Companies are likely to encounter corrupt practices when dealing with the Pakistani land administration. Private property is protected by both secular and religious law (BTI 2014). However, property rights protections are lacking (ICS 2015). Corporate farming is permitted, though only companies incorporated in Pakistan can own land used for this use (ICS 2015). Registering property takes an average of 50 days, which is substantially better than the regional average, while construction permits can take up to 249 days, 50 days more than the regional average of South Asia (DB 2015).
The Pakistani tax administration is susceptible to bribery and other corrupt practices. Tax rates and regulations represent a problem to business (GCR 2014-2015). One-third of firms report being expected to bring gifts to meetings with tax officials (ES 2013). Only 0.5% of Pakistan's citizens pay taxes, leading the government to consider tax reforms to broaden the tax base and to boost revenues (Reuters, June 2015).
Corruption at the border and burdensome import procedures are problematic for businesses in Pakistan (GETR 2014). The transparency and efficiency of Pakistan's border administration is poor (GETR 2014).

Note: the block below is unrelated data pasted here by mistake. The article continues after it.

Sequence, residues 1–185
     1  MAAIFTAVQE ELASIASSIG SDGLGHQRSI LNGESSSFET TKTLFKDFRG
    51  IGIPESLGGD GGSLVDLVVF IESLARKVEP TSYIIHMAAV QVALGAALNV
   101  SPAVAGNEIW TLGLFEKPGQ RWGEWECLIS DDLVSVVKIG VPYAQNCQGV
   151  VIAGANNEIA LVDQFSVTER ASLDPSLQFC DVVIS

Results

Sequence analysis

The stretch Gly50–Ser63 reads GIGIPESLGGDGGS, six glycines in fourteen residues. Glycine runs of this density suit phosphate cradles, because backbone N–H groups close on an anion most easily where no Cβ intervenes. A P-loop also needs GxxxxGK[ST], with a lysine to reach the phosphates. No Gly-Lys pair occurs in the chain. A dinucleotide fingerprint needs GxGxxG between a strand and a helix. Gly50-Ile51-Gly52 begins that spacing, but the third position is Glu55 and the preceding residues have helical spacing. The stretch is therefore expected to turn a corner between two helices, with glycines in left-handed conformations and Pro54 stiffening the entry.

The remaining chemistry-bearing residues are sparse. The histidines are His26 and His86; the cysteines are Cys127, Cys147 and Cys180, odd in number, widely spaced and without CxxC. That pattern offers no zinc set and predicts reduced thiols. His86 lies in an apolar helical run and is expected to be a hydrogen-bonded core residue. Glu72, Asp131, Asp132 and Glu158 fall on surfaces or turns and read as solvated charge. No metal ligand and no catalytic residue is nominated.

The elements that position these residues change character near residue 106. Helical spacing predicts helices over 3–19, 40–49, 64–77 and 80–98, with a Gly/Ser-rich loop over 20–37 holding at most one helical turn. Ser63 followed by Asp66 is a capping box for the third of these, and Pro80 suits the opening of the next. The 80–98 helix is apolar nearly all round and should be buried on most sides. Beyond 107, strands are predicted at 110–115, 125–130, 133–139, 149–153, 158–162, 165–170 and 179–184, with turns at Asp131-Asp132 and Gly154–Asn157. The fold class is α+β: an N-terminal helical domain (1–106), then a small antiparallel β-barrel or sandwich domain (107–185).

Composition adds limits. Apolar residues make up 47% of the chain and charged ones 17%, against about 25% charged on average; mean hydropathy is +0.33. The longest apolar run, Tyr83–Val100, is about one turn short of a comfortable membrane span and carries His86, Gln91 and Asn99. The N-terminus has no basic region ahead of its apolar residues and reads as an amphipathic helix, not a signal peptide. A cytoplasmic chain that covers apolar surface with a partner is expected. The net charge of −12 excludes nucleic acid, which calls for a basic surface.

Corruption in Pakistan's public procurement sector is widespread (ICS 2015). The diversion of funds and unethical behaviour of firms create an unfavourable business environment (GCR 2014-2015). Ninety percent of firms report being expect to give gifts to secure a government contract (ES 2013). The Competition Commission of Pakistan addresses corrupt activities such as collusive practices, abuse of market dominance, deceptive marketing, and harmful mergers and acquisitions. Companies are recommended to implement special due diligence procedures to counter the likelihood of encountering corruption in Pakistan's procurement process.